La Casa Mont Kiara

Interview with Chef Ray Chen, La Casa, Mont Kiara

How did it all start?
With my mother. My mother worked as a cook in a hospital and she cooked for our family for every meal. I started helping out my mom at a young age and became her best assistant ever since. I can still vividly remember how I cooked a bowl of fried rice for my dad. The look and smile he had on his face was one of the reasons I started immersing myself into cooking.
What’s one of the craziest things that has happened at work?
I was interning in a kitchen in Toulouse, France. It happened on a extremely busy service night. Crowds were coming in and the kitchen didn’t even stop. All of a sudden, the Exec chef burst out and grabbed all the orders that were at the pass. He just threw it all into the air as if they were cash.  The whole kitchen stopped and for a moment everyone looked at him. In the end, he had to pick up all the orders and sort it out by himself. That was on a busy service with full house. But I guess everyone has their own limit.
What the best part and worst part of the job?
The best moment in my job is after a successful event or a busy service. You will have the satisfaction of completing a good job. Especially when everyone on the team has worked together, having a little bit of fun throughout the event.
The worst part of the job is when I send the food to the table and, instead of enjoying the food guests whip out their phone or camera and start taking photos. A photo is understandable but with all the time they spend on taking the photo, the food is getting cold.
What’s your favourite dish at La Casa?
Duck confit. I always enjoy a good serving of duck confit. The long hours and efforts given into this dish are worth it – especially when the dish is drizzled with good aged balsamic vinegar. The aged balsamic compliments and enhances the saltiness of the duck.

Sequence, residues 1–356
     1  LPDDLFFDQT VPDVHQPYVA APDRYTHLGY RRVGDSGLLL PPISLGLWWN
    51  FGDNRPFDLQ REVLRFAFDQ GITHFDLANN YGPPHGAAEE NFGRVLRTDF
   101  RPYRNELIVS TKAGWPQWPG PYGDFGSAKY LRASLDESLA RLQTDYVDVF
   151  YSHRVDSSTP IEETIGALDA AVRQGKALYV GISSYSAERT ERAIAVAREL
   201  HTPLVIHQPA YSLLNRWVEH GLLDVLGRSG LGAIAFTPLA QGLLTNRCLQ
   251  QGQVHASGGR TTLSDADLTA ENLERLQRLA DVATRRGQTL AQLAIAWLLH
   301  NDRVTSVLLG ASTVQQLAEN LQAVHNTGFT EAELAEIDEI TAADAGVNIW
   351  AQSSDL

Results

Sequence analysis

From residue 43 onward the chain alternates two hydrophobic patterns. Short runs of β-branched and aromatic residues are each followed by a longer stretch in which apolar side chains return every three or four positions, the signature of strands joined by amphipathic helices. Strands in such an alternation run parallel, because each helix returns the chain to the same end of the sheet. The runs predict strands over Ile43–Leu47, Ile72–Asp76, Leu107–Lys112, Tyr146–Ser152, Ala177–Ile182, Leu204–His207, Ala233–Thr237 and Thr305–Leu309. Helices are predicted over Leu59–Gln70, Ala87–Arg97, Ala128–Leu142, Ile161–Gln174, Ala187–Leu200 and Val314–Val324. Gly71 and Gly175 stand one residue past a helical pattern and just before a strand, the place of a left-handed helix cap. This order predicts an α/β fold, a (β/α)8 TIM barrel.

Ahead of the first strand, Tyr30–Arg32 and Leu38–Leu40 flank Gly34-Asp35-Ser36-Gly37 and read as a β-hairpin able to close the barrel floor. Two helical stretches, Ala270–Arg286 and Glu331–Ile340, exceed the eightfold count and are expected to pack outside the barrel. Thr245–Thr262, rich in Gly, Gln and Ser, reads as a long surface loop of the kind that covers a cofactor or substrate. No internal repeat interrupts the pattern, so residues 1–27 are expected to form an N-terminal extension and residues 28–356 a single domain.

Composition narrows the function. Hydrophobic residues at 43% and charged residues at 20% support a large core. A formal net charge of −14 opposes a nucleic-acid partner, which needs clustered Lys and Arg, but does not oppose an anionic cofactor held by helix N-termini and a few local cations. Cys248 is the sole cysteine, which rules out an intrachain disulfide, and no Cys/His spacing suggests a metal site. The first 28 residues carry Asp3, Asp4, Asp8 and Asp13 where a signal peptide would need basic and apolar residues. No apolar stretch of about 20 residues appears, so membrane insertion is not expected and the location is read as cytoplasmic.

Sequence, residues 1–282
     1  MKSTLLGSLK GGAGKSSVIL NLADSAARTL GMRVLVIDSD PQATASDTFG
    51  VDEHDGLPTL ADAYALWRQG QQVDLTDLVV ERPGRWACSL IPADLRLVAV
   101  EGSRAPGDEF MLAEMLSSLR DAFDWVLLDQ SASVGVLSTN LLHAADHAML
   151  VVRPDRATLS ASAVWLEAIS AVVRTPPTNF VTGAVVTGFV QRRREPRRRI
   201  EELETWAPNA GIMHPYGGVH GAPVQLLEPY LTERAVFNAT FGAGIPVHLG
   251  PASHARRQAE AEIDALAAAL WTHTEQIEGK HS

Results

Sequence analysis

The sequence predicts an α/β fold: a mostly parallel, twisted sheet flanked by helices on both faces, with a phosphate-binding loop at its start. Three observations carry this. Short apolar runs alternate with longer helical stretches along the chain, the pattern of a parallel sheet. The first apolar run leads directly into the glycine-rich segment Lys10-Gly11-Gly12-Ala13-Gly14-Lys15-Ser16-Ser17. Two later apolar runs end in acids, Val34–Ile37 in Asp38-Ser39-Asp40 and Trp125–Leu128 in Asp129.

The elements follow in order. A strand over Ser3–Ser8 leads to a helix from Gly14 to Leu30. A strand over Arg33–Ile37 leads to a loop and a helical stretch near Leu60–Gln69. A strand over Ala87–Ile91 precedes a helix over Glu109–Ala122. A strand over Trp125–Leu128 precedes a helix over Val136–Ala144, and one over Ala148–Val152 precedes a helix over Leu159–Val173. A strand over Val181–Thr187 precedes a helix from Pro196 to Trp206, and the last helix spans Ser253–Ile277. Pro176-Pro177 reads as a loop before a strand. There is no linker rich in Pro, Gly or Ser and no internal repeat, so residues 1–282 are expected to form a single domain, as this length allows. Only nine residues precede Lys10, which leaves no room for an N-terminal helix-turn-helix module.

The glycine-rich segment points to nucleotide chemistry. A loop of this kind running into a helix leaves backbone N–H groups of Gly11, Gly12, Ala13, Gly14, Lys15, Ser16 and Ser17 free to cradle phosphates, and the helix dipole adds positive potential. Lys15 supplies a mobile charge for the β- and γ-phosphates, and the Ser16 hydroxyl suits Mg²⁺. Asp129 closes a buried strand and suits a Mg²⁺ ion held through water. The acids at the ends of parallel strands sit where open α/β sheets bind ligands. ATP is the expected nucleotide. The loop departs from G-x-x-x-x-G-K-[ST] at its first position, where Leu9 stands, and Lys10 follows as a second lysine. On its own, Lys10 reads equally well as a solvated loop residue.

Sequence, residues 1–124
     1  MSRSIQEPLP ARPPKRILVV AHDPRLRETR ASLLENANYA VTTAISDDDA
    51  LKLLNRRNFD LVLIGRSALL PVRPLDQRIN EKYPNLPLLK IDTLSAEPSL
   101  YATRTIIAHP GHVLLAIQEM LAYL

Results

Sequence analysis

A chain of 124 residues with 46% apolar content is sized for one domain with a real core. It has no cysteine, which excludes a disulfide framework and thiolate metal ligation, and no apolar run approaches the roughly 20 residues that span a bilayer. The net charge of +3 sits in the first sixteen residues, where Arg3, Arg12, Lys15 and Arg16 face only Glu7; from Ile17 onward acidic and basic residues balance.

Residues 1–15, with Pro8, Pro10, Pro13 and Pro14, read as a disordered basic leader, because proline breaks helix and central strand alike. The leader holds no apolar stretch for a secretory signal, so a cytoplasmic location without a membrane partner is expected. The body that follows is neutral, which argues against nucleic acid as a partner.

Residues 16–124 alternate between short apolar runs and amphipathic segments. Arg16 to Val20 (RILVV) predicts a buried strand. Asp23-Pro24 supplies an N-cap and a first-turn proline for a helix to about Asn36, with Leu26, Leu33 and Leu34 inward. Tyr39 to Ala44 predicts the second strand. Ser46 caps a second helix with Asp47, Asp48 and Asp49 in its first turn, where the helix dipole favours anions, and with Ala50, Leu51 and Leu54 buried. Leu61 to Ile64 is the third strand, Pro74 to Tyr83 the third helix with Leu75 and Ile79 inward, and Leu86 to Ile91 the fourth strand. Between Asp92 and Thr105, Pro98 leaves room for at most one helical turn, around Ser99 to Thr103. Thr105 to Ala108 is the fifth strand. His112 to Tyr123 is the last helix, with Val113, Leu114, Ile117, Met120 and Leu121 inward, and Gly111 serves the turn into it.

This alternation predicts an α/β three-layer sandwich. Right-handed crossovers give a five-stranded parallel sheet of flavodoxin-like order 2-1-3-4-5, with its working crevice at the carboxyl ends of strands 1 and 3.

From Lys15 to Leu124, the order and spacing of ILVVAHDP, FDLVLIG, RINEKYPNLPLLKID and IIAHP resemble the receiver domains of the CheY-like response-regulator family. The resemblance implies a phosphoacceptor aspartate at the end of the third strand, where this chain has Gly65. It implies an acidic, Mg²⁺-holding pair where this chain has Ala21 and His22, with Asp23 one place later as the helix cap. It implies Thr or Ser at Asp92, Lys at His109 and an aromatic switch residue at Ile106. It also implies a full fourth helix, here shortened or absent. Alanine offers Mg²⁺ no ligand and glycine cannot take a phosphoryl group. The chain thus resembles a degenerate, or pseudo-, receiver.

What’s your idea of the perfect day off?
My perfect day off is tending to the small herbs and vegetables garden I have at home. I have planted herbs and local spices and some local vegetables. Just tending to the little garden make me appreciate all the good vegetables and herbs which started from just a tiny seed. I appreciate even more the time and effort given by our local farmers and growers so we all can enjoy such products.
A day in a chef’s life is… 
It all starts with a good cup of coffee. Checking the inventory and products every morning is a must. I will have to make sure all the ordering is done before afternoon. Paperwork and menu planning is certainly a compulsory task of the day. But at end of the day, I will take some time just to talk with the team, to create understanding among us and make them know they are appreciated.
What’s something you’d like guests to know about La Casa?
The team at La Casa spend much time and effort in preparing our dishes from scratch. Soon La Casa will be have a small bakery corner offering a variety of breads and pastries, so even those will all be made in house. We will be extending our opening hours and breakfast will soon be available.
What is your view on KL food scene?
The KL food scene is just like fashion. People chase food like fashion trends. In the past few years, you can see an obvious food trend such as macaron and burgers. During this trend, undoubtedly you will see a mushroom of cafes and restaurants following the trend. But in the end, the classical and traditional dishes will be there to stay. There is a reason these dishes survived hundreds of years in history.


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